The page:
Alas, summer is here. I wouldn't have guessed it, and neither would you if you had seen me recently walking around town with a light sweater, sleeveless-down vest and a scarf on—oh, and an umbrella to boot. It wasn't until I got into the elevator when my neighbor greeted me and reminded me that summer has arrived, and then it began to dawn on me.
Peppy and eager, even through the thick of rain and gray clouds—ahh, but summer is here—to share my summer lovin' soba noodle dish with my family and friends, I bought some green tea soba noodles (photos above) and the typical buckwheat noodles (photos below) to add some fun for the kids.
You can add your choice of vegetables and protein to make it your own perfect summer dish. Alas, the sun is shining—for summer is here.
Summer Soba Noodles
• 400 grams soba noodles
• 1/2 red pepper, raw and sliced finely
• 1/2 orange pepper, raw and julienned
• 2 zucchini, raw and julienned entire length (think zoodles!)
• 200 grams tofu strips
• 2 scallions, finely sliced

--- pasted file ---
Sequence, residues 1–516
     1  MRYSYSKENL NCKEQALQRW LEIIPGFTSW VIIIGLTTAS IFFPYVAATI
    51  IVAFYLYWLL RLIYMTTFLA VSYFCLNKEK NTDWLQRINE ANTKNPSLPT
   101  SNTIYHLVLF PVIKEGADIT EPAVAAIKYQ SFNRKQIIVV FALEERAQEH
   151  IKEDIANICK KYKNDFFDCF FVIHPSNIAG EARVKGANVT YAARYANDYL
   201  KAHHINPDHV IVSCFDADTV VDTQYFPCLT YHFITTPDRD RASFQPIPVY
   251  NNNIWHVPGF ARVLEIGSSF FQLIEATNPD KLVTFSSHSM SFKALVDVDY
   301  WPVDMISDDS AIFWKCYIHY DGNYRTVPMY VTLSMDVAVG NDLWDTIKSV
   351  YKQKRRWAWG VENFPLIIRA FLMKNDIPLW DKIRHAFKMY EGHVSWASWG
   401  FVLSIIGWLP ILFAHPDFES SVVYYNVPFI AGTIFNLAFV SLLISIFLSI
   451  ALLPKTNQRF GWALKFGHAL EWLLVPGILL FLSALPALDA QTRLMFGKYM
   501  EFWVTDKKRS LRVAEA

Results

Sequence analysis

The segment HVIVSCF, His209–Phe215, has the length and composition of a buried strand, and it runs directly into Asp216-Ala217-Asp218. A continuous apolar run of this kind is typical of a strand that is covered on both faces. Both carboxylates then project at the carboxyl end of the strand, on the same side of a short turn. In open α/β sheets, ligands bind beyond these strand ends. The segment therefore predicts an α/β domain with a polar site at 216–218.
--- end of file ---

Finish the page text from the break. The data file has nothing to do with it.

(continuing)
Homemade tsuyu sauce
• 1/2 cup kaeshi
• 3/4 cup dashi
Rinse and wash well your pepper, zucchini, and scallions.
Cut your pepper in half and rinse out the seeds. Use a mandoline with just the blade (no teeth), slice finely your pepper. Place it in a bowl and set it aside.
Peel alternating slices of the zucchini skin off to give it some texture and color. Run it along a mandoline using the blade with the fine teeth blade lengthwise until you reach the seeds, then turn it and repeat. Discard the seeds. Place it in a bowl and set it aside.
Slice your scallion. Place it in a bowl and set it aside.
Sauce: Mix the two parts together and set it aside.
Fill a large pot of water and bring it to boil.
Add the soba noodles following the instructions on the back of the package for cooking time.
Drain your noodles in a colander. Transfer it back into the pot with running cold water. Press the noodles down with your hand if they start coming up over the pot. Use your hands to separate the noodles and aid the rinsing process to wash away the starch. Drain the noodles again. Begin to separate and place them in the four serving bowls.
Add a handful of zoodles, peppers, and tofu strips.
Mix in your sauce and top it off with some scallion and sesame seeds.
Tsuyu sauce can be found in most Asian stores. It is usually sold concentrated. Dilute it with water, just enough to keep its flavor but not so much that it tastes watered down.